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UO Business: The Magazine, Summer 2017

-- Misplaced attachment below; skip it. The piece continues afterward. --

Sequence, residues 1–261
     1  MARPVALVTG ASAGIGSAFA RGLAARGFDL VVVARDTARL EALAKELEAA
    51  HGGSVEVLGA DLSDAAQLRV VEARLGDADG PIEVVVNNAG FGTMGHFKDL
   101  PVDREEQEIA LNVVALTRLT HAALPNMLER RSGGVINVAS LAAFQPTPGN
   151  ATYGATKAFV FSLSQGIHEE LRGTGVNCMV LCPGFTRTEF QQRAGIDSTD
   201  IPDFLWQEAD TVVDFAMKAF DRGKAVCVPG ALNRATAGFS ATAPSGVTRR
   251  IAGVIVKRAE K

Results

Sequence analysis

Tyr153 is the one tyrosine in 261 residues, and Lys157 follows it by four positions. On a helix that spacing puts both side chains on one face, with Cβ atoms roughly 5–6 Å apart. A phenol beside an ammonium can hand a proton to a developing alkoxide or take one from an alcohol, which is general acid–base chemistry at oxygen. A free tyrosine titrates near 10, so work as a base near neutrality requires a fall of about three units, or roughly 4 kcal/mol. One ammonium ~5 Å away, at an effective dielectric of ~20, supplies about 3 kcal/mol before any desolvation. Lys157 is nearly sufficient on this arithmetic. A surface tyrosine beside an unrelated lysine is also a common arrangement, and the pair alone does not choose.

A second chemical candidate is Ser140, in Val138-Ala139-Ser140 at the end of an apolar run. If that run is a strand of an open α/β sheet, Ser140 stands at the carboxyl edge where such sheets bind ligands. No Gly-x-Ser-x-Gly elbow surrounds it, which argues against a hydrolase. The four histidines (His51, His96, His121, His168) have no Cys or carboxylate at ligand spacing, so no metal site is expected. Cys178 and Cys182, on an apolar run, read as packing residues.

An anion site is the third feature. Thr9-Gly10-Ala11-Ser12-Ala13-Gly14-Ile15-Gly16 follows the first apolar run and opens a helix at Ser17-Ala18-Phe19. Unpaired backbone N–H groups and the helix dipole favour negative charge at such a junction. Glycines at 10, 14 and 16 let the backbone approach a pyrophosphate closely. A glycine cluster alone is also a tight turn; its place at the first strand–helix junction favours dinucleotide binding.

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S E C T I O N 20 F A C U LT Y The assumption that low taxes equal risky tax choices isn't consistent with the evidence. A common refrain among many major segments of the business and financial community—including banks, audit firms, labor unions, and professional investment advisors—is that low tax payments are a warning light for excessive risk taking. That risk taking could lead to future company troubles, such as challenges by the IRS or lack of security due to dubious investments in low-taxing but unstable corners of the world. But do the numbers bear this speculation out? In "Is Tax Avoidance Related to Firm Risk?" published in the January/ February issue of The Accounting Review, Scharpf Professor of Accounting David Guenther, Johnson Memorial Professor of Accounting Steven Matsunaga, and Brian M. Williams, PhD '15, now of Indiana University, find that in most cases, the assumption that low taxes equal risky tax choices isn't consistent with the evidence. "The current statutory rate (35 percent) may not be to companies' liking, but we don't find that it's driving managers into risky behavior," Guenther said. "Our findings suggest a firm's low taxes to be more reflective of skilled management than risky management." The study's findings are based on analyses of the finances and taxes of a large sample of firms over a 25-year period. Effective tax rates were calculated both for taxes that firms acknowledged on financial statements and tax payments actually made over three-year and five-year periods. The authors write that the findings are most consistent with the idea that low effective tax rates reflect the extent to which a firm's operations allow it to take advantage of benign—but more favorable—transactions, not to differences in managers' willingness to reduce the firm's tax payments through risky tax positions. B Y A NNEM A R I E K NEP P ER - S JOBL OM

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